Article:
Dr. Peter Lillback:
Okay, last one in the back. Okay.

Speaker 10:
Benjamin Franklin was quoted in saying that we have a Republic constitution, if we can keep it. Well, we see what’s going on…

Dr. Peter Lillback:
Yep. So those words were spoken as, as Franklin was being carried at the end of the constitutional convention in sedan chair by four prisoners, from the local jail in Philadelphia. The reason he’s being carried, he’s the oldest man at the constitutional convention. He’s suffering with gout and arthritis and he’s hobbling. He can’t even walk the three blocks from his house to the Independence Hall. So this is the wife of the mayor of Philadelphia who sees him and comes to him and says, Dr. Franklin, what kind of government have you given us? And he says, those extraordinary words. A Republic, Madam, if you can keep it.

Dr. Peter Lillback:
They all knew that a Republic was a very fragile document. The history of republics in history were always short lived and it was their experiment. And that’s why he said it is going to come down to the responsibility of the people in the government to sustain this. And so it is. I would like to argue that Christian people we’re the salt of the earth and the light of the world. We are the people that keep the moral sanity of the govern… of the country. If we don’t teach these things and stand with them, the anarchy that will follow, or let’s say the totalitarian subjection of all of us, is going to follow. And I always love to say this, let us not go into the catacombs again willingly. We have been given a place to speak, let us speak boldly and let us teach our children. Let’s act faithfully and hopefully we’ll make a difference.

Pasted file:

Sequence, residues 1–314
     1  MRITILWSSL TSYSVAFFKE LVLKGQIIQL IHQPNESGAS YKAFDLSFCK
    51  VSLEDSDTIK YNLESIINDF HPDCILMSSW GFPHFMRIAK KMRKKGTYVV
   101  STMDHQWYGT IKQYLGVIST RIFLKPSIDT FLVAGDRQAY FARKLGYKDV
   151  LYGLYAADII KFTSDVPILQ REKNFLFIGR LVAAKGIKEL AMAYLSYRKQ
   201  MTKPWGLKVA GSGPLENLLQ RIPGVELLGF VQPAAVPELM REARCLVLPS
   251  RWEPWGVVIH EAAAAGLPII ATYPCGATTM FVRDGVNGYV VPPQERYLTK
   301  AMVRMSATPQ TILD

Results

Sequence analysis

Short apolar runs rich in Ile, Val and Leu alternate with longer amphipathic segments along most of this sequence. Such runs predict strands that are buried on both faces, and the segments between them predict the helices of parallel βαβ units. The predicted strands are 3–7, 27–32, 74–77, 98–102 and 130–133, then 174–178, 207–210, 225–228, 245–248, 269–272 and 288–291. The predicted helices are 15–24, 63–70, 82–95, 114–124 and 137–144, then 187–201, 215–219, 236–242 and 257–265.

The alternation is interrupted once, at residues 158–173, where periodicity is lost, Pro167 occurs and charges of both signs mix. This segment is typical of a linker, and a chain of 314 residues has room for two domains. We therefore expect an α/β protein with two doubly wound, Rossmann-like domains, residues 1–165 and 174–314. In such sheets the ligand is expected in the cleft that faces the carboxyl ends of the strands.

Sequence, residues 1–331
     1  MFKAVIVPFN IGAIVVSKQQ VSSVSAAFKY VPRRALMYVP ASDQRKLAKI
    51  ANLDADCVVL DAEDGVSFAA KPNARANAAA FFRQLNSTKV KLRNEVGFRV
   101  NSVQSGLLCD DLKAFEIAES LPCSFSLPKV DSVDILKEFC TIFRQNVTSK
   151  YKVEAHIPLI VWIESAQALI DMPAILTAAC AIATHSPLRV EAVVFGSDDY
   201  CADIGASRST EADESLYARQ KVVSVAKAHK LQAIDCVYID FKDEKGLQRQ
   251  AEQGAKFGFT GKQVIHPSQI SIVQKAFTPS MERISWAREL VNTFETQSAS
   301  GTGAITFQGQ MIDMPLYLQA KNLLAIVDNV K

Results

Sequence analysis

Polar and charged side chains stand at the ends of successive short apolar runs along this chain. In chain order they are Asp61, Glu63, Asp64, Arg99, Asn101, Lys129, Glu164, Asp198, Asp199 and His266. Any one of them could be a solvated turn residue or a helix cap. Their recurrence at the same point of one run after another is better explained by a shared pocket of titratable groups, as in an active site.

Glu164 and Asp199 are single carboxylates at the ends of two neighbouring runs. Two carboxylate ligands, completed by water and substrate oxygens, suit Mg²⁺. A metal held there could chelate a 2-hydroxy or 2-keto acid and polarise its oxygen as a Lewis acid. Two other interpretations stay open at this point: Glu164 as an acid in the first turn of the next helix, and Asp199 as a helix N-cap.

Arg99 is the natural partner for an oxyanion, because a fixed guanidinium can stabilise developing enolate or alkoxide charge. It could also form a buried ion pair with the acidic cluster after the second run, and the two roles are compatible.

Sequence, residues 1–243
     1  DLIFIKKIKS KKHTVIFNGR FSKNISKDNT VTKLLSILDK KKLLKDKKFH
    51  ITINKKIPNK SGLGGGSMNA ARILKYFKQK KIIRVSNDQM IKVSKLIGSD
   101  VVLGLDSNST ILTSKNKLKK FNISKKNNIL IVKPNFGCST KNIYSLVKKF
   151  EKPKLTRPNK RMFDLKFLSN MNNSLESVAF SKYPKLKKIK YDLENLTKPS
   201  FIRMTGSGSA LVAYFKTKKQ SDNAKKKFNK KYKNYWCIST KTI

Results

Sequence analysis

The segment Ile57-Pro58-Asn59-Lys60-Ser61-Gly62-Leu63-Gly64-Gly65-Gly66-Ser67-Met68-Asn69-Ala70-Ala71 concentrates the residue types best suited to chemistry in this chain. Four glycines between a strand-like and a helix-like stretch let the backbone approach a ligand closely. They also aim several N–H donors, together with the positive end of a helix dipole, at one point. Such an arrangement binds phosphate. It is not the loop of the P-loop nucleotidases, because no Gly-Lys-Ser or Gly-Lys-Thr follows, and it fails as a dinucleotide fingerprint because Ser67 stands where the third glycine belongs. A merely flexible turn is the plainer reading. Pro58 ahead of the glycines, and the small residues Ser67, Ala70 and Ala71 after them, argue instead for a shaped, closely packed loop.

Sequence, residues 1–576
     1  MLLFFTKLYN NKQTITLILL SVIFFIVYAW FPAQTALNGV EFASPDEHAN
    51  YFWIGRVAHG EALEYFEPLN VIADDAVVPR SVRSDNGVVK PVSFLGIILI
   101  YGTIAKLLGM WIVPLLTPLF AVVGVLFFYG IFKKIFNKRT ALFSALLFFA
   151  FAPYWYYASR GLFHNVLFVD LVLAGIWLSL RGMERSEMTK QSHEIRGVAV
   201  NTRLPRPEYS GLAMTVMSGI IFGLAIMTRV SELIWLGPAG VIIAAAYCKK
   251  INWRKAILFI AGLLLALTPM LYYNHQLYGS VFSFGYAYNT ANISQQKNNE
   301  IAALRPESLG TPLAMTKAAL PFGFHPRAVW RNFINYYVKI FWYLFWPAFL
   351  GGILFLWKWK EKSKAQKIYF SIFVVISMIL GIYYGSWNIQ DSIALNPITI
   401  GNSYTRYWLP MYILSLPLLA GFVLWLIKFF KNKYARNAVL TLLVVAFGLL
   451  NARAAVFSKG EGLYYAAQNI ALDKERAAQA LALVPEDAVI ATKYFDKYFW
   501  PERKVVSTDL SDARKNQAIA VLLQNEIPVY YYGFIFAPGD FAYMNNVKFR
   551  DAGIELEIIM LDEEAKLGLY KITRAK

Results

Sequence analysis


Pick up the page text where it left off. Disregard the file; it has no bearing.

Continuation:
Dr. Peter Lillback:
And that’s why we have a group like the Providence Forum, by the way. So I’m going to show you something here as Larry comes up. This is the wood of the last… piece of the wood of the last Liberty tree that came down in the hurricane Floyd in Annapolis, Maryland. Under this tree, the sons of Liberty read the Declaration of Independence.

Dr. Peter Lillback:
This tree came down, I think it’s 1999. It was thrown into a landfill, a young man rescued it. And so that wood now has been put to work, Taylor Guitars made over 400 guitars that sold for $9,000 out of wood from this tree. The rest of that wood we’ve preserved. We’re planting Liberty, tree seedlings that come from it all across the country as part of our work. And so I want you to see this because this is an 800 year old tree and experts in woodworking look at this wood and they can’t identify it. And when you say it’s a Tulip Poplar, they say, oh no, no, it can’t be. And they say, why? Because Tulip Poplar is always pure white. We say, well, the problem is you’ve never seen an 800 year old Tulip Poplar tree. They don’t grow like this anymore. This is a canopy tree of America. This tree was here when Columbus discovered America, it was here through our entire story.

Dr. Peter Lillback:
And isn’t it remarkable that St John’s College right across from Annapolis, a Naval college, they chopped down the tree and threw it into a landfill. It was basically dead, it’s been dug out of a landfill. It’s been resurrected. And the only people that care about this story are Christian people. And you know why? Because not only because we believe in resurrection, we believe that liberty is the great gift of Christ. Where the spirit of Lord is there’s freedom, stand fast, therefore in the Liberty with which Christ has made you free, you shall know the truth and the truth shall set you free. The Lord has come to give us the great year of Jubilee, the Year of Liberty, proclaim liberty to the captives. That’s part of our story. So here’s this great first Navy flag, right? An appeal to heaven. That’s our first flag. That’s Romans 13, understood from the idea that there’s a higher law. Okay. Larry, what do you want to say?

Larry:
Well, let’s all give Doctor Lillback a…

Dr. Peter Lillback:
Thank you.

Larry:
Thank you everybody.